During anchovy season, the docks of Sinop, Turkey are filled each morning with tons of tiny fish, fresh from the Black Sea. David Hagerman

On a bright, brittle January morning in Sinop, Turkey, fishmonger Mert Kanal barked into a headset, “Where are the hamsi?!” Agitated customers milled outside his family’s fish shop and restaurant, Okyanus Balik Evi. They weren’t waiting for the shimmering blue-striped bonito, pink mullet, or gargantuan flounders heaped on the restaurant’s tables. They wanted hamsi—anchovies from the Black Sea that Turks call “the prince of fishes.”

Most mornings between October and February, commercial trawlers on this part of the coast disgorge hills of anchovies at the pier. But for almost a week, violent squalls had prevented them from docking. The previous night, the skies had finally cleared. The big boats were back, and crews worked feverishly, loading crates into refrigerated trucks. Sinop residents wanted their share of the catch—and so did I.

“Hamsi are best when the snow falls on the sea,” Kanal said. This is because the fish develop an extra-thick layer of fat in frigid water. I first met Kanal in front of his shop on my initial visit in 2011 (I have made the pilgrimage for hamsi most years since). “I’ve come to eat anchovies,” I told him, and two hours later I watched as Kanal and his colleagues prepared hamsi tava—anchovies coated in corn flour and fried—in a skillet set atop a single gas canister. They were crackly-crunchy outside, firm-fleshed within, briny like the sea from which they’d just been scooped.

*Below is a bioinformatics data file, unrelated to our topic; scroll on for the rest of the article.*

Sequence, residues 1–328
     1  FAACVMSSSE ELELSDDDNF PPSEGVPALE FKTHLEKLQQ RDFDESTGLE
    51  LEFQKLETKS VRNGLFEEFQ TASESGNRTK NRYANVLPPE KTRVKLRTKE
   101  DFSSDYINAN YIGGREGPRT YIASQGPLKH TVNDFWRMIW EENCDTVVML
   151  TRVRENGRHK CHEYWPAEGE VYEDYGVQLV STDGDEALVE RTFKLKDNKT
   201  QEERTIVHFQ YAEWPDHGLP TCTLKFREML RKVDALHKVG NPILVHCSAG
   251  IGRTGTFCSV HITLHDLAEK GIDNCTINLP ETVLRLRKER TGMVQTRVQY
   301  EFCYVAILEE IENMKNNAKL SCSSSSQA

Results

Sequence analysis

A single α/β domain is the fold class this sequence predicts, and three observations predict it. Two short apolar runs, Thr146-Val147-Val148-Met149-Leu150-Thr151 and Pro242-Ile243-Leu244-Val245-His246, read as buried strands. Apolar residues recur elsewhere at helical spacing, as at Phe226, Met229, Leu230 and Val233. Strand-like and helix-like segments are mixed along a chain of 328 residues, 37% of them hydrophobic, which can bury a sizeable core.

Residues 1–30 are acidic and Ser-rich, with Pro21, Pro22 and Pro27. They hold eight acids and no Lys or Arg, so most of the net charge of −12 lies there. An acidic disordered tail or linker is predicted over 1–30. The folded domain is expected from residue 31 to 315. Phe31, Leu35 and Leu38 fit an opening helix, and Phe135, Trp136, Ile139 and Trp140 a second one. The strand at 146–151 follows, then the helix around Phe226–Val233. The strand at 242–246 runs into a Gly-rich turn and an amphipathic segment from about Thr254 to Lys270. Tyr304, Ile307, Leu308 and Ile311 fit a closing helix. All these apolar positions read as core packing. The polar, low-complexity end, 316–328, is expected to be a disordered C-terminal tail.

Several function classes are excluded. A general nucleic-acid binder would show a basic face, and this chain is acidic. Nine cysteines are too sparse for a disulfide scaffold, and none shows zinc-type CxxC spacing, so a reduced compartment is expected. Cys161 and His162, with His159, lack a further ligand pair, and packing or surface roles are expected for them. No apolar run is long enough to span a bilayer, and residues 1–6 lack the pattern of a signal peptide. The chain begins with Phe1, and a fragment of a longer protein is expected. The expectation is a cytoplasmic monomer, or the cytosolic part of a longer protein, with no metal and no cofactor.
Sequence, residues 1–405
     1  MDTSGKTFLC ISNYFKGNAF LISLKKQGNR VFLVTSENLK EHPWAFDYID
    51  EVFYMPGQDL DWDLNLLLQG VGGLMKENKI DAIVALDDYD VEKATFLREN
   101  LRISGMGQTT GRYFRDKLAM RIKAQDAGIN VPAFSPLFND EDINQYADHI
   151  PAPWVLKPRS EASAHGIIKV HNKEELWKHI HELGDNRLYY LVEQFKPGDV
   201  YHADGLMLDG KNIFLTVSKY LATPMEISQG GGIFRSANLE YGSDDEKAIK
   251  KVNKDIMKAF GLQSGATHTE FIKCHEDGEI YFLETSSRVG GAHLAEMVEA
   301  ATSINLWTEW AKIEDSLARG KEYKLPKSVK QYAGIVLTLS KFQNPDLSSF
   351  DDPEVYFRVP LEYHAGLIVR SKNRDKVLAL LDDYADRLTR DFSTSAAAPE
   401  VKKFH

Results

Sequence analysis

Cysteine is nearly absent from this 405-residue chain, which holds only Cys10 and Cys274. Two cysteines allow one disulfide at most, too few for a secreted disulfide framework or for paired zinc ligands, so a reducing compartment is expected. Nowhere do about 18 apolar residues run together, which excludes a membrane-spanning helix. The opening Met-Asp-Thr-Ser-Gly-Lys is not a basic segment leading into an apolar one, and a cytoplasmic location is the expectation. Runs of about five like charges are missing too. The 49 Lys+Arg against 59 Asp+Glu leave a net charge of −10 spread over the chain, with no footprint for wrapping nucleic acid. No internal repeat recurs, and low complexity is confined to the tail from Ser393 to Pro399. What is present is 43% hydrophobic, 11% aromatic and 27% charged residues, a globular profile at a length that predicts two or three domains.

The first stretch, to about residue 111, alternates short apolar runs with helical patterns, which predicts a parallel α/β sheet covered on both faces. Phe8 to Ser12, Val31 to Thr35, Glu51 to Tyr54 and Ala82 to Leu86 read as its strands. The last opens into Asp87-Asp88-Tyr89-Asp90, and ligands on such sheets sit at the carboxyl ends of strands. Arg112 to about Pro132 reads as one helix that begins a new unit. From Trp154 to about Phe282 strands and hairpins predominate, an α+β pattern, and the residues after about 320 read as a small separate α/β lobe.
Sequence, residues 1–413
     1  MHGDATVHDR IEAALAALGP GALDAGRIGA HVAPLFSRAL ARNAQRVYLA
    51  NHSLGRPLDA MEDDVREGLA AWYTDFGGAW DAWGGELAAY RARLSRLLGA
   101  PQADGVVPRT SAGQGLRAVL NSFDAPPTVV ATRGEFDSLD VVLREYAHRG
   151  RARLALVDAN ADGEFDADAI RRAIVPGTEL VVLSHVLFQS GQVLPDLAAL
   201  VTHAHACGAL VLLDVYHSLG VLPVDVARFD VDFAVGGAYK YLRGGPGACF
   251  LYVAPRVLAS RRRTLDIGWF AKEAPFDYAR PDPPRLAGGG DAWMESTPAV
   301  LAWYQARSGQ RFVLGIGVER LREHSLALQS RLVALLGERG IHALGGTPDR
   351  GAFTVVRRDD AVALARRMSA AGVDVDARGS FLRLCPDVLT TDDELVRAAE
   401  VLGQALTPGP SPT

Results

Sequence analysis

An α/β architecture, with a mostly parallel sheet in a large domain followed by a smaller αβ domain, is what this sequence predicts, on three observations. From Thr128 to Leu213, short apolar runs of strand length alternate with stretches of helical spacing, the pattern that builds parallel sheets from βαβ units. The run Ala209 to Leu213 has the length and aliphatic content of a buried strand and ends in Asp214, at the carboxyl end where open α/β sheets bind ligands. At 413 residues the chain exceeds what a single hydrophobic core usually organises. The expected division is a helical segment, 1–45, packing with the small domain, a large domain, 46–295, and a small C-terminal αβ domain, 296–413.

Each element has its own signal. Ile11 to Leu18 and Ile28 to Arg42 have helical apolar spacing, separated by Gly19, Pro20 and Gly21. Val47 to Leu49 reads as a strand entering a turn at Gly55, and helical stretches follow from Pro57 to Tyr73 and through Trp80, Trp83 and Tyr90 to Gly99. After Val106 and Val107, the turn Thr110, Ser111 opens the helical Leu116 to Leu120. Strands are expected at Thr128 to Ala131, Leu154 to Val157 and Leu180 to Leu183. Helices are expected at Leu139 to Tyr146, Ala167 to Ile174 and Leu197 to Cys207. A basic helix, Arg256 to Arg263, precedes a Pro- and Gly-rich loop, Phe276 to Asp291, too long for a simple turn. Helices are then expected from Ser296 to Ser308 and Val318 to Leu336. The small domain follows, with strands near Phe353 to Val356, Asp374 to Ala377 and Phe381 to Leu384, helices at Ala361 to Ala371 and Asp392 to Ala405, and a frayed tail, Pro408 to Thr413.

Anchovies are a lifeblood on the Black Sea, employing thousands of idle off-season workers from farms and hazelnut orchards annually. And the fish are an indelible part of local culture: They are said to have inspired the twitchy upper-body movements of a Pontic Greek Black Sea folk dance called the horon. During the season, they’re eaten as many times a day as the supply will allow, and in all sorts of ways—grilled, fried, poached, stewed, stuffed, baked into breads, or piled into pilafs.

So it’s been for centuries. Ottoman traveler Evliya Celebi visited the Black Sea in the 15th century and described fishmongers announcing the arrival of a catch by blowing trumpets: “By God’s dispensation, if people praying in the mosque hear it, they will immediately leave their prayer and come running for the hamsi.”

In late autumn of 2011, the catch was so thick that an industrial grinder was brought to Sinop’s pier to turn the fish into fertilizer on the spot. But the next year, warm waters and a surfeit of bonito, which prey on young anchovies, made for a dismal catch. Many fishmongers, Kanal included, were reduced to selling inferior speci­mens from the Sea of Marmara, inland waters that connect the Aegean to the Black Sea.

Perhaps it’s the disappointing seasons that make anchovies so beloved. “Hamsi is not a fish. Hamsi is hamsi,” say Black Sea dwellers, as explanation for their obsession. As for me, I’ll continue to make the trek as often as I can, no matter the size of the catch.

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